What’s the difference between life insurance and life assurance?

Kim Jones
Kim Jones
Updated 6 October 2022  | 3 mins read

Both life insurance and life assurance are designed to pay out on the death of the policyholder.

But they don’t work in the same way.

The key difference is that life insurance covers the policyholder for a specific amount of time (the term) and will only pay out if the policyholder dies within that term.

Life assurance, on the other hand, usually covers the policyholder for the whole of their life and guarantees a payout at the end of it, when they die.

Key points

  • Both life insurance and life assurance pay out on the death of the policyholder, but they work in different ways
  • Life insurance runs for a specified amount of time and only pays out if you pass away during that period
  • Life assurance (also known as whole of life insurance) is in place until you pass away, then there’s a guaranteed payout to your beneficiaries
  • A life assurance policy is generally more expensive than a life insurance policy because of this guaranteed payout

What is life insurance?

Life insurance is designed to pay out a tax-free cash lump sum or monthly amount to help your loved ones deal with the financial impact of your death, should you die during the specified term of the policy.

You can choose how long you want the policy to last.

For example, you might opt for a term that coincides with the length of your mortgage. So, if you passed away during that period of time, before your home loan was paid off, the payout would help clear the outstanding debt.

Or you may want your policy to last until your children have finished their education and are less dependent on your finances, for example.

There are three main types of life insurance:

  • Level cover - Pays out a fixed sum and your cover remains the same for the term of the policy
  • Increasing cover - Your payout increases with time to reflect the effects of inflation
  • Decreasing cover - Your payout decreases with time usually in line with paying off your mortgage

Once the policy term comes to an end, you’re no longer covered should you die.

What is life assurance?

Life assurance - also known as whole of life insurance - covers you for your entire life and guarantees a lump sum payout to your beneficiaries when you die.

The term ‘assurance’ is used because your beneficiaries are ‘assured’ of a payout, as long as your premiums are paid and up-to-date according to the rules of the policy when you die.

With whole of life assurance, you keep paying your premiums until you pass away. But some insurers allow you to stop paying once you reach a certain age, this is often 90 years old or once the policy has been running for a certain number of years.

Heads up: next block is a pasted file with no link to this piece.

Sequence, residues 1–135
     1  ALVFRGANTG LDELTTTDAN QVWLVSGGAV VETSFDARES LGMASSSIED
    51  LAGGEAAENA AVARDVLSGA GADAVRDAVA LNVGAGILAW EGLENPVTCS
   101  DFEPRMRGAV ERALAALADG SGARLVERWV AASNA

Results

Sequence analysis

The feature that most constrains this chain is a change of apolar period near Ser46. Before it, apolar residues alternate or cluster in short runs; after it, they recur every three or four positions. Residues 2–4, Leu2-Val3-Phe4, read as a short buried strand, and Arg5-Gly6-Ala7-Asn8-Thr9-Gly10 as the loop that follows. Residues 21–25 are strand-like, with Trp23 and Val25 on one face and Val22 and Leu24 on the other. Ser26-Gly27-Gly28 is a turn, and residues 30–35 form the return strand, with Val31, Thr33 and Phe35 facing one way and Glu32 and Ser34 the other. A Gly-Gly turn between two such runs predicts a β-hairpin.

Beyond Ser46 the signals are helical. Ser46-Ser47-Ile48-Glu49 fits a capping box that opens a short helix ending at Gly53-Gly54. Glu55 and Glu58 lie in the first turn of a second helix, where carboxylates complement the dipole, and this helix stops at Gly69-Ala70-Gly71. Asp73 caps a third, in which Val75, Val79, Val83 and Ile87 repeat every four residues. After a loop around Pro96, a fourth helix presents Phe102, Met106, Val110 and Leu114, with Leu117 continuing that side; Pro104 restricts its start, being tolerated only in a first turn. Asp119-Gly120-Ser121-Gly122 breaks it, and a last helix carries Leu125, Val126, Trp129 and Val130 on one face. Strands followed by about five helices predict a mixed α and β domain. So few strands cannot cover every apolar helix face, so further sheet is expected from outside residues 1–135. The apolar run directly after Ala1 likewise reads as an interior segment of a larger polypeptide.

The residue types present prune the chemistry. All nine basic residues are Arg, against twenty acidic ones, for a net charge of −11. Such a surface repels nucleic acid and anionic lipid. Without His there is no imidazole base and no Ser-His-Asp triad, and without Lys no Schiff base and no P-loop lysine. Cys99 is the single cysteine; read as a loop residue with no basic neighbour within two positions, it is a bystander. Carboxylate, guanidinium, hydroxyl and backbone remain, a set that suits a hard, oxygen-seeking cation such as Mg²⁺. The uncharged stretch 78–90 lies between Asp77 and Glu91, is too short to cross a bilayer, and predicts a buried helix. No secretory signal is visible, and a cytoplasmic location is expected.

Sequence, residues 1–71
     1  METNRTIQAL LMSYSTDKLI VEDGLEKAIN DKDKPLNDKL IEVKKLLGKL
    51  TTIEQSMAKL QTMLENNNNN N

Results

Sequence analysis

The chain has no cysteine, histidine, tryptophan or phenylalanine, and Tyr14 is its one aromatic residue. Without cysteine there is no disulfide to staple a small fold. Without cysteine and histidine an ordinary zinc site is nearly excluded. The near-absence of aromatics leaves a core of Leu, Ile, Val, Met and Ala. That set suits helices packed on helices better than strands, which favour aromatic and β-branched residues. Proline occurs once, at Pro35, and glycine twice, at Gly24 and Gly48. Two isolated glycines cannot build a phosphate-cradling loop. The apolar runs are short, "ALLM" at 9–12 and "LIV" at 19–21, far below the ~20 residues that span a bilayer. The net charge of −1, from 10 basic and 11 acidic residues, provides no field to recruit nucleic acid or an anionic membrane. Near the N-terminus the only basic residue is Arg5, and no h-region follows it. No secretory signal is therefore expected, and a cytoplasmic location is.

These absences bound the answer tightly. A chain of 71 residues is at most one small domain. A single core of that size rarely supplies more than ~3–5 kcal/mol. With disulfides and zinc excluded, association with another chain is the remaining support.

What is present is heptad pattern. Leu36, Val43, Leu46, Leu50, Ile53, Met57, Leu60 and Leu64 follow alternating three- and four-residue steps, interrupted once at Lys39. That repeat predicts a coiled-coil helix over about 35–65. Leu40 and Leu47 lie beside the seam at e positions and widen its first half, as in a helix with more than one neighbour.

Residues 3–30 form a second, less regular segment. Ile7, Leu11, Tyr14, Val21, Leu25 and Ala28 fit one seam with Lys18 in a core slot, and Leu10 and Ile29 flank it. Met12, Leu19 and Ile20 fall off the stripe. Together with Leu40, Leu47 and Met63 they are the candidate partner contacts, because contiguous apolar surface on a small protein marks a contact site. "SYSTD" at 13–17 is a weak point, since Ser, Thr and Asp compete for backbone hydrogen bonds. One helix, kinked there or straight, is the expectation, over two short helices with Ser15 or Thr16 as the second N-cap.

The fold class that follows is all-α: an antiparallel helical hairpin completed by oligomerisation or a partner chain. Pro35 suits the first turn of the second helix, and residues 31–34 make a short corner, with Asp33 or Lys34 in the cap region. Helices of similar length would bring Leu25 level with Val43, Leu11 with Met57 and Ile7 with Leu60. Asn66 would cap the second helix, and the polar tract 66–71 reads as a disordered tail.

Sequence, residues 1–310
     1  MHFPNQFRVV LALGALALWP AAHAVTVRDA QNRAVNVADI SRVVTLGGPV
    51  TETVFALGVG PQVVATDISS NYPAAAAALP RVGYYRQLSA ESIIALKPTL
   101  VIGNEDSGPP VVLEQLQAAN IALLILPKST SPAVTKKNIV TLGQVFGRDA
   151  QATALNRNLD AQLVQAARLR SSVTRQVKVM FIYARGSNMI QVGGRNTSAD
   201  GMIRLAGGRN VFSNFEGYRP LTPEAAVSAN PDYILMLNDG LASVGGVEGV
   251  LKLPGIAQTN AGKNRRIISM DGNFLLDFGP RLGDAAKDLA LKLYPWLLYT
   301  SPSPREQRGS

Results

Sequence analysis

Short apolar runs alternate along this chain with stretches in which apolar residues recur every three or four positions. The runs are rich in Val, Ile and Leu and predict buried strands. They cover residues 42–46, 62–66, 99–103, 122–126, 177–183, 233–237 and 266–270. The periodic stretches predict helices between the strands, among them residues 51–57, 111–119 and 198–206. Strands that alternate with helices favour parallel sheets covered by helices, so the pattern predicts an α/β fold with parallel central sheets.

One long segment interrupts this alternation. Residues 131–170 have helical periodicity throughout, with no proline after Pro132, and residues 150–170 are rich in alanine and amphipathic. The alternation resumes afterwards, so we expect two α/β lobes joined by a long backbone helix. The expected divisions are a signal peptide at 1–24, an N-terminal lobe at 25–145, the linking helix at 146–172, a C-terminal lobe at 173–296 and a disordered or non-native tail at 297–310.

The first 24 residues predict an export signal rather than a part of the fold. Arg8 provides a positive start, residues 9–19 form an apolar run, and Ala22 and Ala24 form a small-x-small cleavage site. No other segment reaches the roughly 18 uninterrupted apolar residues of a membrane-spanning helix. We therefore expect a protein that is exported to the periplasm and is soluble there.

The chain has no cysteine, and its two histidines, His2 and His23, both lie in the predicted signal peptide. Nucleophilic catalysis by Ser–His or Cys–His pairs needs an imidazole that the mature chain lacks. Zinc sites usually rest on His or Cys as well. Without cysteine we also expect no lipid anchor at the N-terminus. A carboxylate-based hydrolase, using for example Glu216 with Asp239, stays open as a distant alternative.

Because the insurer knows it’ll have to pay out at the end of the policy, life assurance premiums are generally more expensive than life insurance premiums.

There are two main types of life assurance:

  • Standard or balanced cover - Where your premiums remain the same throughout the policy and there’s a guaranteed fixed cash sum at the end of it
  • Maximum cover - This is a type of investment-linked cover where the insurer invests your money in a fund. Your plan will be reviewed after a time and, depending on how the fund is performing, your monthly premiums could increase to maintain the amount of cover you have, or could remain the same, but with a decrease in your level of cover

Which is right for me?

It depends on your circumstances and the stage of life you’re in.

If you’re only concerned about being covered for a set number of years, then a life insurance policy could be the right option for you. For example, while you pay off your mortgage, or while your children are still at school and financially dependent on you.

If, however, you want a guaranteed payout when you die, no matter when that may be, then a whole of life policy might suit you better.

Some people take out a life assurance policy to leave a lump sum to pay for their funeral expenses.

It’s also a popular option for inheritance tax planning.

Normally, life insurance payouts are subject to inheritance tax if the total estate of the deceased is worth more that £325,000.

But if you write a life assurance policy in trust, it won’t be treated as part of your estate and so won’t be subject to inheritance tax.

Putting it in trust also means your benefactors can receive the money quickly, without having to go through probate.

Other life insurance options to consider include:

  • Over 50s life cover is a type of whole of life cover where there are no medical checks and you’re guaranteed to be accepted if you’re between 50 and 80 years of age
  • Family income benefit pays dependants a regular, tax-free monthly income for a limited time to replace your own should you die during the term of the policy
  • Joint life insurance covers you and your partner under one policy. It pays out to the surviving partner when the other dies. After that, the policy automatically ends and there’s no further life cover for the surviving person. It’s usually cheaper than taking out two separate single life policies